“You can’t sleep here. People can’t stay in dungeons without building up a tolerance. You’ll get MP,” Isanella obviously understood him. Devina gestured to the cozy room.
“You are the first here. Treat this knowledge wisely,” she said.
“Don’t lose any sleep over it!” Delbird assured them. Devina was going to strangle the bird soon if it kept ruining her appearance as a wise woman...
“Interesting, very welcoming of Delta. Do the beds have any magical power?” Noland inquired. Devina wasn’t sure...
It was Mother after all... maybe the beds did do something?
“MAYBE IF YOU TAP THE BED IN THE RIGHT PLACE IT WILL TELEPORT YOU OUT OF THE DUNGEON?” Deo suggested and began tapping the metal bed knobs with a focused expression.
Devina actually paused to see if anything happened but when nothing did, she turned to see the laughing form of Mother in the corner. The floor had shaken earlier and Mother had looked rather... guilty but she seemed to be over it now.
Still hard to see and even hear, Mother seemed to be enjoying the sight.
“It’s just a bed!” she promised Devina with a note of laughter.
“For now,” Devina agreed with a smile that made Delta freeze.
Moving back outside. Devina halted the group by the pool.
“There are a few more things here that we can meet. One is my fellow Frogman. Rale is somewhat a guardian of the waters. If we wait a small while, you should be able to meet him,” Devina promised. Her voice a little higher as she mentioned Rale’s name.
Damn that frog. Spirits curse him for being so... HIM!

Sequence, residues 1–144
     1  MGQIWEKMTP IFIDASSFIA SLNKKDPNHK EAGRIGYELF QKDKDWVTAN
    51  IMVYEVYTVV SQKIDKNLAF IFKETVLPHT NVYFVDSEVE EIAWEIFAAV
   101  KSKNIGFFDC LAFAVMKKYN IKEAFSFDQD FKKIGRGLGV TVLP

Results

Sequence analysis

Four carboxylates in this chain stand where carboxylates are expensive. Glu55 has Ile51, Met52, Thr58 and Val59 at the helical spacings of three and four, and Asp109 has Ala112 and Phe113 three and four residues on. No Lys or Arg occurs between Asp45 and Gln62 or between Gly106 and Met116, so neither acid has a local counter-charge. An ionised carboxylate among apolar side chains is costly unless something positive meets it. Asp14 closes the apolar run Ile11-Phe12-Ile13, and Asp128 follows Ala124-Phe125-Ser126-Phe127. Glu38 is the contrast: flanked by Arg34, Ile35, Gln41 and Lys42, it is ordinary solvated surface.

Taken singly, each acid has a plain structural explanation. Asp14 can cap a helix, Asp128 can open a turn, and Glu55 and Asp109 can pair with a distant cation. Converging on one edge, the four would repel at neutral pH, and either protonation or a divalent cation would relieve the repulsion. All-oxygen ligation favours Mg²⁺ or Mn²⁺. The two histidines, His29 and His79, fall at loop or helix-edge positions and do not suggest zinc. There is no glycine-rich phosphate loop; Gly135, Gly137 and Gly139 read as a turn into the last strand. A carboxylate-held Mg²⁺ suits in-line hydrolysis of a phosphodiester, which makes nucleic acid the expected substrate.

“RALE WAS THE ONE THAT RESCUED ME FROM THE RIVER RIGHT!” Deo asked with excitement. Devina was nodding when Noland interrupted.
“Describe Rale for me. What are his strengths, his powers?” he began to write before Devina had opened her mouth. The man’s need for everything to be cut down and placed into rankings and boxes was becoming a little sad.
Perhaps he needed a moment in the hotspring and to just relax...
The questioned answered itself as Rale, moving fast, crashed into the area through a thick collection of trees and plants.
“I am here!” he yelled, flexing to the group before he even completely stopped moving. The motion carried him so far forward that Noland was sent flying into the pond with a splash. The clipboard he carried landed perfectly on a lone rock near the side without any damage.
Noland splashed and spluttered before letting out a shout.
Rale merely looked at the man struggling to swim and the other people present.
“... uh...I shall save him!” he promised and dove in with quick motion but he wasn’t even gone a second before Noland was lifted out the water by the helpful pincers of Bob.
Bob rose higher and higher, water pouring down his thick carapace. Noland was now screaming and Devina could feel Mother’s hard look at her back.
“It wasn’t my fault,” Devina stated with a calm tone. Rale began to scale Bob like a tree, screaming how he was on the job while Deo cheered him on. Quiss looked at the water as if he was considering drowning himself and Isanella began to unpack sandwiches from a small backpack. Her lute humming as she idly strummed it.
Holly was just laughing as if this was the best thing she had ever seen.
“Call the spirits to make a ladder and get him down!” Mother demanded in a panic. Devina gave her a dubious look.
“Spirits do not work that way and Rale... is working on it,” she said as Rale was arguing with Bob’s crabs as the worm happily swung Noland around like a small toy.
This was only the first stop on the tour... Devina could feel a migraine coming on. She was pretty sure she didn’t actually have a brain but the feeling was there.
“Better hop to it!” Delbird added helpfully.
The pain was only getting worse now and Devina’s temper flared as she began to bark orders. The next stop would be the Bees and the Circus...
Renny could have them, Devina wanted to go ask the goblins if they had anything stronger than water to drink. Maybe she would go visit the spiders and drink fake tea until the people left.
Yes... that sounded like a good idea.